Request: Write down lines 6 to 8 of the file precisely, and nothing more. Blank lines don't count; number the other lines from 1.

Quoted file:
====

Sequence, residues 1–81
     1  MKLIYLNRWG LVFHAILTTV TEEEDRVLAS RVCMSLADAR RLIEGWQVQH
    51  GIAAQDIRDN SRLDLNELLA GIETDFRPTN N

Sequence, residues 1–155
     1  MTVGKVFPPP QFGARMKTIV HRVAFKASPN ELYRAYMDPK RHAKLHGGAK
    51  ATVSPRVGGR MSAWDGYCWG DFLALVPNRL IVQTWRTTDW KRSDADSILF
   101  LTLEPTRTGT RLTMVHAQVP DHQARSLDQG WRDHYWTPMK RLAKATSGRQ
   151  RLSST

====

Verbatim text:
    51  ATVSPRVGGR MSAWDGYCWG DFLALVPNRL IVQTWRTTDW KRSDADSILF
   101  LTLEPTRTGT RLTMVHAQVP DHQARSLDQG WRDHYWTPMK RLAKATSGRQ
   151  RLSST